“The long term effects are ever evolving. We’re seeing people having chronic fatigue, chronic problems with shortness of breath, the residual effects of a stroke if you have one, and morbidities. We’re seeing a lot of long term effects, and we still don’t know all of them because it’s so new to the world. We’re seeing long term effects develop in children, where they’re having a really horrible inflammatory response, and student athletes are experiencing inflammation of the heart, and loss of sense of smell and taste is becoming permanent in some people,” Thomas said.
Berkshire assistant principal Julie Laburn also contracted the virus in March 2020, and still has not fully recovered, experiencing both lung and cognitive impairment for months. Laburn guesses she must have contracted the virus at Berkshire, as she hadn’t been to other places except for her home. Laburn described the painful symptoms of the virus she felt months after having had the virus.
“I have scattered collapsed lungs. In your lungs, you have those little air sacs, and some of mine have collapsed from when I had Covid, but the doctors do think I’ll continue to regain those. I have really, not good memories from my illness. A lingering brain fog lasted at least two months, where I would forget things that I said, and repeat myself. I was very, very tired. I got sick March 14th, and I would say I didn’t really feel better until August. Since then I have regained the ability to make it through the day without feeling exhausted, and have clear thoughts again,” Laburn said.
Some wait for a negative test after two weeks of quarantine to see whether they are still contagious. However, even if someone tests positive for up to three months after their sickness, medical professionals believe they are almost likely not contagious anymore.
“The current recommendation from the Center for Disease Control, is that, if ten days from your diagnosis, your symptoms are improving, they don’t have to be totally gone, but if they’re improving, and you haven’t had a fever over 100.4 without using Tylenol or any fever reducer in the previous 24 hours, you are cleared to go back to work. You are no longer thought to be contagious, unless you have pre-existing health conditions,” Thomas said.
Thomas did emphasize that, while contagious, patients have to stay far away from their families and others at all times to prevent the spread of the virus.
Laburn recalls how having little human contact during quarantine was stressful for her and her daughters.
“My daughters were worried sick. They’re adults now, but I believe they still have some trauma from watching me so, so sick and so helpless,” Laburn said.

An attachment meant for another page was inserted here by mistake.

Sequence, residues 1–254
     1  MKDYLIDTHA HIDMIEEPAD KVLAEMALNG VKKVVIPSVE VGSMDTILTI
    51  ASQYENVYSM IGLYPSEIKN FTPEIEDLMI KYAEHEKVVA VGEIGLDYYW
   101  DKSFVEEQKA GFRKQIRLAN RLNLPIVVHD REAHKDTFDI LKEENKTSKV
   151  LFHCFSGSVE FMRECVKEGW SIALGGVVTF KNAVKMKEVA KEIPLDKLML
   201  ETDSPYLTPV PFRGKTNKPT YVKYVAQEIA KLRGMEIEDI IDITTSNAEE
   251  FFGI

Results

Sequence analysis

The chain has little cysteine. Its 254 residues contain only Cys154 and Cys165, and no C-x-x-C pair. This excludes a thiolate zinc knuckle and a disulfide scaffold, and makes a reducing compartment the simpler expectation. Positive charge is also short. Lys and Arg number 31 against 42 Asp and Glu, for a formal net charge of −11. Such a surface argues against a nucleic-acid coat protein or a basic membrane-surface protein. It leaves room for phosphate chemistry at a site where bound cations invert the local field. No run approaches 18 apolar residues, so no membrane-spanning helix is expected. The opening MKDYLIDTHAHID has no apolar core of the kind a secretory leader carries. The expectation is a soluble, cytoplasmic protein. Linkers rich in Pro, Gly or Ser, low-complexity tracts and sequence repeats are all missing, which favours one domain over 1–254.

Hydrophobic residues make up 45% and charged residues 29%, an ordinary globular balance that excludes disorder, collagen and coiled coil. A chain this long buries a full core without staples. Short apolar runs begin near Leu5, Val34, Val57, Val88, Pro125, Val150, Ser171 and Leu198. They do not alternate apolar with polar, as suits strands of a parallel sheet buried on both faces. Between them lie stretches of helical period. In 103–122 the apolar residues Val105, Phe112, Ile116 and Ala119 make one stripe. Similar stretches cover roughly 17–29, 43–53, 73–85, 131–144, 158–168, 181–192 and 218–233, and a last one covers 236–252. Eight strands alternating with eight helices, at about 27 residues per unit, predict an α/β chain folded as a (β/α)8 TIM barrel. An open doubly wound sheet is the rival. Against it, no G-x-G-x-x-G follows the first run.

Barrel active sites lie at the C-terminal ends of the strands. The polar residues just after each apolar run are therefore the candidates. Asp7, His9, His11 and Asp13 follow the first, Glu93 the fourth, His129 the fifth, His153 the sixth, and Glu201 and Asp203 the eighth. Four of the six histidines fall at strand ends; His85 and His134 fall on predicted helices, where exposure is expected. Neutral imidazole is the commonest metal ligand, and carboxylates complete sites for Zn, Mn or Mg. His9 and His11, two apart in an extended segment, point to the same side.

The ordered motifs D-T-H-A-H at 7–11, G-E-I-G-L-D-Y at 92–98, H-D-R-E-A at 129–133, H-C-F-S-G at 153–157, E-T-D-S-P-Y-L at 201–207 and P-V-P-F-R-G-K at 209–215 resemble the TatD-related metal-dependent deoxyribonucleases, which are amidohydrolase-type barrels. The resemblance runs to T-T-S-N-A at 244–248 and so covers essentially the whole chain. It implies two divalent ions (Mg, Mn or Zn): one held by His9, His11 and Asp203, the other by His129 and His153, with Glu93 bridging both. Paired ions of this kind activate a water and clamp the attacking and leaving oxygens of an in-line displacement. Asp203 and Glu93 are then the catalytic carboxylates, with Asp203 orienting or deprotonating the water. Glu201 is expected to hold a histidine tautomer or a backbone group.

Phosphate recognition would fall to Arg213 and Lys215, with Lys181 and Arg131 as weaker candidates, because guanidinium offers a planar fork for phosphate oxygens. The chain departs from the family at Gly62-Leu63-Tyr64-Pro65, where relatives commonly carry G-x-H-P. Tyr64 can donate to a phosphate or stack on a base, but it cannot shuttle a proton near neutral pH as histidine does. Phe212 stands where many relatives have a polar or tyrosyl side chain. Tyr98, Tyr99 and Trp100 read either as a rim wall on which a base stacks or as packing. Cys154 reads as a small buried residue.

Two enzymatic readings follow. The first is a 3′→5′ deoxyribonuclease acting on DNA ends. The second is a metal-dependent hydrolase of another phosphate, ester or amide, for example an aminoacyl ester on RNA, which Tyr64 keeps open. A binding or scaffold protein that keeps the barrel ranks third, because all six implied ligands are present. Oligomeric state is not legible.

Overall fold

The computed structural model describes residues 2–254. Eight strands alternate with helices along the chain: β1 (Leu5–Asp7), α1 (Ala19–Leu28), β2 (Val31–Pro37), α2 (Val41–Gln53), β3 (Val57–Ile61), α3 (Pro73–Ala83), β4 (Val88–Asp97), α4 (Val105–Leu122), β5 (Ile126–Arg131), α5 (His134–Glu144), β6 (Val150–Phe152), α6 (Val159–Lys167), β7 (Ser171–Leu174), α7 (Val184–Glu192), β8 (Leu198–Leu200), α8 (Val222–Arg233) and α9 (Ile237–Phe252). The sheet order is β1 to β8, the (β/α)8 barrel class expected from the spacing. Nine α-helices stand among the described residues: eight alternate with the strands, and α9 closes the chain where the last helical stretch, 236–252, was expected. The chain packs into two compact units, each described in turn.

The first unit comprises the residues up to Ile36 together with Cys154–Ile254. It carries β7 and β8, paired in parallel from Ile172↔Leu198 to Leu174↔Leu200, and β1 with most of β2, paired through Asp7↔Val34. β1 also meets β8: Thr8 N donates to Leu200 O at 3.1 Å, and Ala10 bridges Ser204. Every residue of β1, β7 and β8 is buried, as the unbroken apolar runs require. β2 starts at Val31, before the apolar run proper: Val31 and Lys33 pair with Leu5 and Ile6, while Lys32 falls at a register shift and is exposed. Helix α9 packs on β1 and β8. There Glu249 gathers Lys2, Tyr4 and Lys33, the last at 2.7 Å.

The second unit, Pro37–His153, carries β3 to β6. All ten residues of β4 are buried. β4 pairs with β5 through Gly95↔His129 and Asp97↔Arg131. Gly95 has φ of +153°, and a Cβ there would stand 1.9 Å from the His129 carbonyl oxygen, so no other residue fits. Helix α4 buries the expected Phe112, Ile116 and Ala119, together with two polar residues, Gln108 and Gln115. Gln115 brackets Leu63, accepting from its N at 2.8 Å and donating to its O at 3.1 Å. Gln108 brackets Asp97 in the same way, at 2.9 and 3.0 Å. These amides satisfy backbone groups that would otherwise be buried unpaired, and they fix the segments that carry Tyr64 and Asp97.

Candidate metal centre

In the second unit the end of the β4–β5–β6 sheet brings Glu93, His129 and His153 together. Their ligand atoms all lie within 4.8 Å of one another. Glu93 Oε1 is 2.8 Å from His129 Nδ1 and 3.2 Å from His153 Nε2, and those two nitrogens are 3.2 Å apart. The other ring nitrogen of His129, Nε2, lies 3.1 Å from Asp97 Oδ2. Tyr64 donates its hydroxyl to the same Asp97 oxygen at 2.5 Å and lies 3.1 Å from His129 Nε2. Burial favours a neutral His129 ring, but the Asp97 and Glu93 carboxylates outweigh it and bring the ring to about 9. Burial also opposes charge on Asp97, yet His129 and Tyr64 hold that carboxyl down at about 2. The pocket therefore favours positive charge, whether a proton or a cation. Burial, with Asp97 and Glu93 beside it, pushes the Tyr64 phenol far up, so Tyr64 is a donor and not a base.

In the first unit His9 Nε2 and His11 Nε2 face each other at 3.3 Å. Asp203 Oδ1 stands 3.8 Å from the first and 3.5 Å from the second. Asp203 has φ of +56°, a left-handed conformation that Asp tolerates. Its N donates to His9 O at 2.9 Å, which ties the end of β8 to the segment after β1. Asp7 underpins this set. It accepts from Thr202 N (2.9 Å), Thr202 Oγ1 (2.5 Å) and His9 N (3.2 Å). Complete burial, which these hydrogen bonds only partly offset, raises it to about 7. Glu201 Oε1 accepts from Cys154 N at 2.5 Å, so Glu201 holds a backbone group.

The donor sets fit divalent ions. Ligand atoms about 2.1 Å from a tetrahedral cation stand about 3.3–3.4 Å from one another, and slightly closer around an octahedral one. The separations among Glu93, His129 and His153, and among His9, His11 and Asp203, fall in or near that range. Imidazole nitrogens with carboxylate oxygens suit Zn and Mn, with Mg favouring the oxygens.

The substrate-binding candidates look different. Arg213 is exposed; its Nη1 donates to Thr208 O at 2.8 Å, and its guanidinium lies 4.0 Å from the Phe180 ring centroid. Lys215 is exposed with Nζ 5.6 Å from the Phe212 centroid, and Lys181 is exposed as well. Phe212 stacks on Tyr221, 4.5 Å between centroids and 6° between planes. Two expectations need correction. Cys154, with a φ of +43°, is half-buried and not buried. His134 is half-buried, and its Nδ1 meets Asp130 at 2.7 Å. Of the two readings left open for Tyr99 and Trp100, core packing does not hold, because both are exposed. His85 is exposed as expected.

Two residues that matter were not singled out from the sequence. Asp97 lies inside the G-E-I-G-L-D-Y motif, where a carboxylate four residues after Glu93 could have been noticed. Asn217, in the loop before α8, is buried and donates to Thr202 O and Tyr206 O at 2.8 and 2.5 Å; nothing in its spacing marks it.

Laburn also struggled with crowded and overwhelmed hospitals that lacked resources to give her the care she needed to breath.
“I had to contact my cousin, who's a physician's assistant, and she ordered an overnight oxygen test because I told her I kept waking up gasping for air. The overnight oxygen test showed my oxygen levels were in the low 80s and dipped down into the 70s two times throughout the night. With those levels, you would typically be hospitalized, but because I had it at a time where hospitals were so overwhelmed, they took my oxygen right when I got there, and it was in the low 90s, so they sent me home. Then my doctor said if I need oxygen, I need to be in a hospital, but they had turned me away so my cousin got that overnight test and found out that I did need oxygen. She ordered me oxygen to my home,” Laburn said.
Younger coronavirus patients tend to have fewer symptoms, but studies show that younger patients can also suffer lasting effects from the virus, including heart disease, blood clotting, and even mental health issues. Groves alumnus and freshman at University of Utah, Cole Hurley suffered from depression after contracting Covid from his roommate at college. After testing positive, Hurley lived in the guest hotel on campus for ten days, and had to stay there in his room alone for the duration. Hurley described what suddenly and total isolation felt like for a college student.
“I mean I went a little crazy. It was horrible. One day, the power went out for the whole day in the hotel, so I couldn’t watch TV, and then my phone died like an hour in, and then my computer died, so I had nothing to do. I was just staring at paint all day. During the super big storm, there were winds over 100 mph, so there was nobody even walking outside. I would always start chats with the people outside because I had a window right next to a sidewalk. That's how crazy I got,” Hurley said.
In his hotel room, Hurley wasn’t able to see anyone or go out, so he was fed by the hotel, but other than that was never checked on. This left Hurley to deal with the virus alone.
“I wasn't cared for at all, they brought me food once a day, and they left it outside the door. They also got my food order wrong like 80% of the time. If I needed a hospital, there was a number I could call but nobody checked up on me,” Hurley said.
Another student, Groves senior Riley Dorfman quarantined for over two weeks with the Coronavirus and isolated in his home. He spent his quarantine in his basement, only coming upstairs with a mask on, and he was not to touch anything, such as railings. Alone in his basement, Dorfman, like Hurley, didn’t have much to do.
“I watched the whole series of Breaking Bad. Being in quarantine by myself for 18 days was exhausting, I had to find new ways to entertain myself, but I also had no desire to do anything. I lost about eight pounds when I had Covid. I was always so tired I barely ate anything, but towards the end of it I had motivation to workout,” Dorfman said.
Dorfman experienced what he considered slight symptoms, such as a lack of energy, along with a headache and loss of smell and taste. Despite what he thinks of as mild symptoms compared to older Covid patients, Dorfman is proof that younger patients may still suffer lasting effects of the virus, as his taste buds have been altered since his sickness.